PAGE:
Running full-app tests

To run the full-app tests in our application, we run:

meteor test --full-app --driver-package practicalmeteor:mocha

When we connect to the test instance in a browser, we want to render a testing UI rather than our app UI, so the mocha-web-reporter package will hide any UI of our application and overlay it with its own. However the app continues to behave as normal, so we are able to route around and check the correct data is loaded.

Creating data

To create test data in full-app test mode, it usually makes sense to create some special test methods which we can call from the client side. Usually when testing a full app, we want to make sure the publications are sending through the correct data (as we do in this test), and so it’s not sufficient to stub out the collections and place synthetic data in them. Instead we’ll want to actually create data on the server and let it be published.

Similar to the way we cleared the database using a method in the beforeEach in the test data section above, we can call a method to do that before running our tests. In the case of our routing tests, we’ve used a file called imports/api/generate-data.app-tests.js which defines this method (and will only be loaded in full app test mode, so is not available in general!):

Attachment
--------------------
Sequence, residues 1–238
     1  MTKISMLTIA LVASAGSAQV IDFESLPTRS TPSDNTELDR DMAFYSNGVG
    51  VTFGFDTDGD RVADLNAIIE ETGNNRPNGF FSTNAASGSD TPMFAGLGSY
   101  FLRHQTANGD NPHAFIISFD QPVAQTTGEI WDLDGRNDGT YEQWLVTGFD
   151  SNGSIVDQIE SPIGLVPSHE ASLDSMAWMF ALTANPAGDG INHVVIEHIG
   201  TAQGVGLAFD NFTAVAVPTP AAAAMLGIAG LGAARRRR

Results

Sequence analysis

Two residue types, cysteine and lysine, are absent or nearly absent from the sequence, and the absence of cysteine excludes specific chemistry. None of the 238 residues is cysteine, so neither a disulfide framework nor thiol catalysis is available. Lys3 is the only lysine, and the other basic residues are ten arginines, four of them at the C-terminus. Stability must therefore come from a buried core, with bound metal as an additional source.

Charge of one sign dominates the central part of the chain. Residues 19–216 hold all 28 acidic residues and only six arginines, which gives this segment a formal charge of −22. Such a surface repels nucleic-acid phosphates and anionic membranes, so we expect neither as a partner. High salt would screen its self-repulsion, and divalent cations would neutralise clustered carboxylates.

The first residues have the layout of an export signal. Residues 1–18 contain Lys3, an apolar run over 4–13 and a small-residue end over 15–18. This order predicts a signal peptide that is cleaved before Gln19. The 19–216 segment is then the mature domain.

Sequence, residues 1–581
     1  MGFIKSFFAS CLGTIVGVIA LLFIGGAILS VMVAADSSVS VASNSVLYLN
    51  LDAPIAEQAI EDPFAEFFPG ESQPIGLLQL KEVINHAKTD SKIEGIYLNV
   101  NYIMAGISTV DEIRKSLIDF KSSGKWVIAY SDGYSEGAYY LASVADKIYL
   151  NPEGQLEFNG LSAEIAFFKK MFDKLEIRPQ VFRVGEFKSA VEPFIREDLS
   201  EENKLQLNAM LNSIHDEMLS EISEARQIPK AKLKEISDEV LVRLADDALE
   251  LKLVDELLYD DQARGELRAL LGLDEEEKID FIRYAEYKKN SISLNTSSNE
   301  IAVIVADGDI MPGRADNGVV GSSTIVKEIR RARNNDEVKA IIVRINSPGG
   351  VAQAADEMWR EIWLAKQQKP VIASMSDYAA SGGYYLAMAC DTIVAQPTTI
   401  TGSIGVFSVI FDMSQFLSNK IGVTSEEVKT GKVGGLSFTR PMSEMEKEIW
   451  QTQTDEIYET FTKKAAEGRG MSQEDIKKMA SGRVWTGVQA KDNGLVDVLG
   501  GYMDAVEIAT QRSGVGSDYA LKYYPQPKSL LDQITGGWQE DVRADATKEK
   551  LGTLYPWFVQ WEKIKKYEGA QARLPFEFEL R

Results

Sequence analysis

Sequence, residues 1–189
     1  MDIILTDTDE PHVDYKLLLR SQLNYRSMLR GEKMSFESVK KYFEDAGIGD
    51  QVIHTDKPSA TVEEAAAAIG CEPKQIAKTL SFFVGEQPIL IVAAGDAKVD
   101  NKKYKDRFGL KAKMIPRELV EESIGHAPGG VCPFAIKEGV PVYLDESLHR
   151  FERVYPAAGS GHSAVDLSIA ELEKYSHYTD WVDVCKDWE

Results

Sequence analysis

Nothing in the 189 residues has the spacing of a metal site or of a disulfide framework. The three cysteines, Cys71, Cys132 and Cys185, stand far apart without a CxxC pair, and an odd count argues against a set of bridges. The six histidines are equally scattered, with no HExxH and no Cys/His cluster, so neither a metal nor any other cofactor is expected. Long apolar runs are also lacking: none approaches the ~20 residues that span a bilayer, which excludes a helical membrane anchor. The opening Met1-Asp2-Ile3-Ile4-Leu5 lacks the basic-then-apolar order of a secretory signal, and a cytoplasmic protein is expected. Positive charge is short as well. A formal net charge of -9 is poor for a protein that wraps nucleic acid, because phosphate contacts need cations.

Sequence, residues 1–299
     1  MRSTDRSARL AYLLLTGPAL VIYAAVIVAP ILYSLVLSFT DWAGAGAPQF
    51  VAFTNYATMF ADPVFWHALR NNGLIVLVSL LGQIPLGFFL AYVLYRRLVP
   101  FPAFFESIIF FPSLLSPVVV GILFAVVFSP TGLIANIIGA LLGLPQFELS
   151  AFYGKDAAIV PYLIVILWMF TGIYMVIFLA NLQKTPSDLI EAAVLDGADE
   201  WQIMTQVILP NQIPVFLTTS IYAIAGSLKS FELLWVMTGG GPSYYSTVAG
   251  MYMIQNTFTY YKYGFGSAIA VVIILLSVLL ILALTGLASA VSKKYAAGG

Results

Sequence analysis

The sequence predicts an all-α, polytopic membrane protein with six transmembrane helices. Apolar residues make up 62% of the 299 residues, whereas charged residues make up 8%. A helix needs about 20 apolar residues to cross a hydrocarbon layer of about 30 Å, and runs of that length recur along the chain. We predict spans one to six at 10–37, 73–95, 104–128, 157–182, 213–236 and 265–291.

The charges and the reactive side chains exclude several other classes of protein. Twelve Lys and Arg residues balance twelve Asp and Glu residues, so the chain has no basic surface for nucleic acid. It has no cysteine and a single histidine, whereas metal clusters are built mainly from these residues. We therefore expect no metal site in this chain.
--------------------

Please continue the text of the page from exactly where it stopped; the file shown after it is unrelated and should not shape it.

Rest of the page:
// This file will be auto-imported in the app-test context,
// ensuring the method is always available


import { Meteor } from 'meteor/meteor';

import { Factory } from 'meteor/dburles:factory';

import { resetDatabase } from 'meteor/xolvio:cleaner';

import { Random } from 'meteor/random';

import { _ } from 'meteor/underscore';


import { denodeify } from '../utils/denodeify';


const createList = (userId) => {
  const list = Factory.create('list', { userId });
  _.times(3, () => Factory.create('todo', { listId: list._id }));
  return list;
};

// Remember to double check this is a test-only file before
// adding a method like this!
Meteor.methods({
  generateFixtures() {
    resetDatabase();

    // create 3 public lists

    _.times(3, () => createList());

    // create 3 private lists

    _.times(3, () => createList(Random.id()));
  },
});


let generateData;

if (Meteor.isClient) {
  // Create a second connection to the server to use to call

  // test data methods. We do this so there's no contention

  // with the currently tested user's connection.

  const testConnection = Meteor.connect(Meteor.absoluteUrl());

  generateData = denodeify((cb) => {
    testConnection.call('generateFixtures', cb);
  });
}


export { generateData };

Note that we’ve exported a client-side symbol generateData which is a promisified version of the method call, which makes it simpler to use this sequentially in tests.

Also of note is the way we use a second DDP connection to the server in order to send these test “control” method calls.